“Fighting fowl,” I said, agreeing passive-aggressively to disagree. While I won’t admit it is a cock, I will admit that it is a type of fowl, just like a chicken.
Last Saturday was the annual conference of our monthly wine club. Bob and Brenda graciously offered to host a festive party at their house with wine, food, and lots of friends.
A few of us were upstairs when were heard someone screaming something about fire. A few minutes later, Bob emerged in the kitchen looking for an ice pack with a hole in his shirt and a spectacular story to tell.
Bob was talking with a woman he had never met before. Since it was his house, and he had a few drinks, of course he struck up a conversation. Apparently, after a few minutes, he started feeling hot.
“Let me ask you something,” Bob asked, turning around, “am I on fire?”
Indeed Bob was on fire. Inadvertently, he had leaned up against a table with a candle and his shirt had caught fire.
With Bob turned around, the woman was immediately prompted to start screaming, “Oh my god, you’re on fire! STOP, DROP, and ROLL! STOP, DROP, and ROLL!”
At that suggestion, Bob did stop, dropped, and rolled on his living room carpet, leaving a black singe mark in the spot where he put the flames out.
When he came upstairs, all that we saw was a surprised Bob and a large hole in the back of his shirt.
For Chris, Meredith, and I, this did not surprise us. After all, Bob was the guy who one year on Ragbrai backed over his bike with the van. So, setting himself on fire? You expect no less from a guy like Bob.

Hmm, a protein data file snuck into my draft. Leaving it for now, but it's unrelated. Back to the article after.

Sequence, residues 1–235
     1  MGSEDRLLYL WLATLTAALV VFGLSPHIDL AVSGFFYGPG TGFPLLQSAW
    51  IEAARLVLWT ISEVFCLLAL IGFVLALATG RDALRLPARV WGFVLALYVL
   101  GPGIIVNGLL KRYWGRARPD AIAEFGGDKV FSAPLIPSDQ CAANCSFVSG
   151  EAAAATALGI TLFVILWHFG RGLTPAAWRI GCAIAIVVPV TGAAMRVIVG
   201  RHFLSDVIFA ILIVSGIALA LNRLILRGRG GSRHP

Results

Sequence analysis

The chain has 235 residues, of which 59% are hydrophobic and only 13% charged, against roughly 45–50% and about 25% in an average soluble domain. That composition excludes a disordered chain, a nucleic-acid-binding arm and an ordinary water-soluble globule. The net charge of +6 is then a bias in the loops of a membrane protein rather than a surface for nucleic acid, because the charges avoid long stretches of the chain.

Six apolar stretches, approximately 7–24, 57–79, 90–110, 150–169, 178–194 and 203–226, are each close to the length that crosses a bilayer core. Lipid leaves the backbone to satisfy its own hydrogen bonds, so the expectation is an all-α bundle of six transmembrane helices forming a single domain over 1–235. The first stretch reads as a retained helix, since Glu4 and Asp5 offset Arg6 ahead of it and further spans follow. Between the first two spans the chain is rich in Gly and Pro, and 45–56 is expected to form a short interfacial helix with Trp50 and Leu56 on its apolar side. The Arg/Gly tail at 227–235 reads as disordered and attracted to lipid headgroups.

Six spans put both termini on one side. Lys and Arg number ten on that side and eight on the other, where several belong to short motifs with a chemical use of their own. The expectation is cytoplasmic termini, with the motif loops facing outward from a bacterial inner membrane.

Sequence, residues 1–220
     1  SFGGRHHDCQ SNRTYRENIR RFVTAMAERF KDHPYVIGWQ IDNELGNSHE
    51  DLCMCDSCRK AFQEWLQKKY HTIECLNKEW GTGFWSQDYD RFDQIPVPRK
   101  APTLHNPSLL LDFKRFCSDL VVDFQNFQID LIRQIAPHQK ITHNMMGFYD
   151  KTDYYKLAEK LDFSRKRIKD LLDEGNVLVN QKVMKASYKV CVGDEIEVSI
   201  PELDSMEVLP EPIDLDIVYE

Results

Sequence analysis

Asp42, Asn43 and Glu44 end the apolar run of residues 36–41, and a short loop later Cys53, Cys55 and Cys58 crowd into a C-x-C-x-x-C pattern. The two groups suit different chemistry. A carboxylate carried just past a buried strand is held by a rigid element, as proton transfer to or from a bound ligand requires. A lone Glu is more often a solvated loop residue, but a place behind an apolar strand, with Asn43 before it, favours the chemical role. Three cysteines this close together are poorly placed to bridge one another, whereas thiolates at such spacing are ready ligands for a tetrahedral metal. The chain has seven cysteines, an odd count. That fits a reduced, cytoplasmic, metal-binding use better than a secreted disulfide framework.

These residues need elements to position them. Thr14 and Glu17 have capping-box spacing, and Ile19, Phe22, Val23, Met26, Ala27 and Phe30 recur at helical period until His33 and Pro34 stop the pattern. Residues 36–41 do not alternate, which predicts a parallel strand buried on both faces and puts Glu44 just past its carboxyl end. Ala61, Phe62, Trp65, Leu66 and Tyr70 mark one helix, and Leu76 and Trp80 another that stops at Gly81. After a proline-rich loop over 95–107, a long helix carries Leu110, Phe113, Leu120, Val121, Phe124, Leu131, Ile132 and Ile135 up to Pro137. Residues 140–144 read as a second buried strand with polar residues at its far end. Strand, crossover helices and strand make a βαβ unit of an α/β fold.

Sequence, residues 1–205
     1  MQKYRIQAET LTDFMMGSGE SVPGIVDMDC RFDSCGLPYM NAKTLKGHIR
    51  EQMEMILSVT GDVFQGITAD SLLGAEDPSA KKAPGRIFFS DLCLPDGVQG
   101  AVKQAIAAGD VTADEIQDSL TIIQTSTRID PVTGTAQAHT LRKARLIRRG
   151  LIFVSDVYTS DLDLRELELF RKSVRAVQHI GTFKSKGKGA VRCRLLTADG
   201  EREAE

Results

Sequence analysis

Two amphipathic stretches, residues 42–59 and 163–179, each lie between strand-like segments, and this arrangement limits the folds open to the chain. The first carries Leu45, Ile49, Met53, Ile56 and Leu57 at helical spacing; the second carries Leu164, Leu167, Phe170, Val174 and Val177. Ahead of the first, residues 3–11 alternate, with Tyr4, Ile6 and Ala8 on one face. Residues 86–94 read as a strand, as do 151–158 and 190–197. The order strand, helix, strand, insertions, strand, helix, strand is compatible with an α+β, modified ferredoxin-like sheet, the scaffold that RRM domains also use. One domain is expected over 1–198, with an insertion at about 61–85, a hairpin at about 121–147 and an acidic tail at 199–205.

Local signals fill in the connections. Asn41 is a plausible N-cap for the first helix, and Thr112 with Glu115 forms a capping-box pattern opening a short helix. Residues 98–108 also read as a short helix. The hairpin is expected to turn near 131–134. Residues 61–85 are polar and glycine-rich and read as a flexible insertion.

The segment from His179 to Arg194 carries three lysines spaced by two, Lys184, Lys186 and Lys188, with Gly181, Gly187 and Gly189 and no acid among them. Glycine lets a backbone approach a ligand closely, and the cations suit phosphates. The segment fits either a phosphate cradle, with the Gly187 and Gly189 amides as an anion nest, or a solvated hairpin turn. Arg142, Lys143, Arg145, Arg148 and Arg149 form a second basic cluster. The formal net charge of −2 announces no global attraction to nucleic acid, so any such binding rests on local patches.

The rest of the night, after we determined that Bob was unscathed other than some red marks on his skin and after he changed his shirt, the group giggled about the incident and someone appropriately christened him Shish Ke-Bob for the rest of the party.
On Thursday night, I told Chris I signed up for next year’s Blackwater Eagleman 70.3.
Tentative, he asked, “Are you trying to steal my thunder?”
I couldn’t blame him. It was not the usual hot, hilly half-Ironman course that I preferred.
“I just figured if one of us was traveling to Maryland, we might as well both travel to Maryland,” I explained, logically.
“Maryland?” he asked, “What’s in Maryland?”
“The race,” I replied, a little confused.
“No, the race is in Ohio,” he asserted with confidence.
“No it’s not,” I answered, knowing that my geography skills were likely far more superior, “It’s in Columbia.”
“Yeah, Columbia, Ohio,” he stated.
“Columbus is in Ohio,” I explained. “Columbia is in Maryland.”
He paused. Complete silence.
“I was wondering what the big deal about the race was,” he commented. “I thought what’s the big deal about racing in Ohio? It’s only a day’s drive away.”
I quickly pointed out that indeed the big deal was that it was in Maryland, about a 12 hour drive away.
“Oh,” he said. This clearly added a whole new level to this race that he had not expected.
Feeling like he had not yet felt the full folly of his mistake, I added, “And since when could you find a brackish river within Ohio’s watersheds?”
He laughed at that one. In fact we both did. It was a silly mistake, and a funny mistake. It was one of those mistakes that made two people laugh and reminded us that we are all human after all.